Photography by Kathy Tran

Like most 20-year-olds, Andrew Chen and his friends wanted to open a bar. They realized any venture would need a food component to gain traction.

“It’s me, one of my cousins and a good buddy that spent time in Asia, so we have all these really fun memories of Chinese street food,” Chen says. “Being able to take something, walk and eat at the same time.”

Dallas doesn’t typically lend itself to pedestrian walking culture, so they decided to open a restaurant in Deep Ellum where they could create the street food experience.

“Street food is also easy to carry out, so it’s stuff that can travel well,” Chen says. “Stuff that you can heat up the next day and it tastes even better.”

Chen and his partners stuck to a very small, distinct menu of noodles. They created Monkey King Noodle Company, and Deep Ellum wayfarers quickly embraced the eatery.

“I think without their support, we obviously would have failed a long time ago,” he says.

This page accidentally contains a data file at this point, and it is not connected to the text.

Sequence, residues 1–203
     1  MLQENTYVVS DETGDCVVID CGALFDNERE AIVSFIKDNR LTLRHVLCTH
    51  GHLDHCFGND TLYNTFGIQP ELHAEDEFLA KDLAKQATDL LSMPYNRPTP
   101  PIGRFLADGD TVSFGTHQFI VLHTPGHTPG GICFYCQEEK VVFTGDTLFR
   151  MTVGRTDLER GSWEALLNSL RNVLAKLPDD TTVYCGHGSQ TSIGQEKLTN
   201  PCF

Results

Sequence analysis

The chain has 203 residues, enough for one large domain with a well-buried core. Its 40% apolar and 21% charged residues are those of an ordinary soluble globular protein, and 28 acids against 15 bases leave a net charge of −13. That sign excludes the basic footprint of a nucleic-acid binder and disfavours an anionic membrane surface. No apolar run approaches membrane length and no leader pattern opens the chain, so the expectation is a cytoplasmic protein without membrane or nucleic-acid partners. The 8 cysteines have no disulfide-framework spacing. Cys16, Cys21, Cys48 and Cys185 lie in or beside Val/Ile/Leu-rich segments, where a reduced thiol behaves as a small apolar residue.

When COVID-19 hit, Monkey King Noodle Company’s food model made it easy for the restaurant to adapt to takeout only. As restaurants slowly reopened, Chen and his partners expanded to Lake Highlands.

A friend in real estate mentioned a burger stand looking to get out of its lease. Chen, almost jokingly, said that if his friend found other backers, he would be in.

“Lake Highlands, being so close knit and tightly knit, he found a couple of other people, and we were able to gather what we needed,” Chen says. “We got this thing signed in July.”

The restaurateur realized a lot of the large orders through Uber Eats and Caviar ended up in the family oriented neighborhoods

Chen is the chief noodle maker and cooks everything from scratch. Customer favorites include the spicy garlic peanut noodles with wok-toasted peanuts, garlic, house chili oil and hints of sesame and soy. It’s served chilled over noodles with fresh cilantro and green onions.

The authentic pork dumplings are house-made, hand-rolled wrappers with pork, napa cabbage and a savory garlic chive filling served with Taiwanese soy sauce.

“We love it if people come eat with us, have a beer, hang out,” Chen says.

Monkey King Noodle Company, 2933 Main St., 469-713-2648, monkeykingnoodlecompany.com


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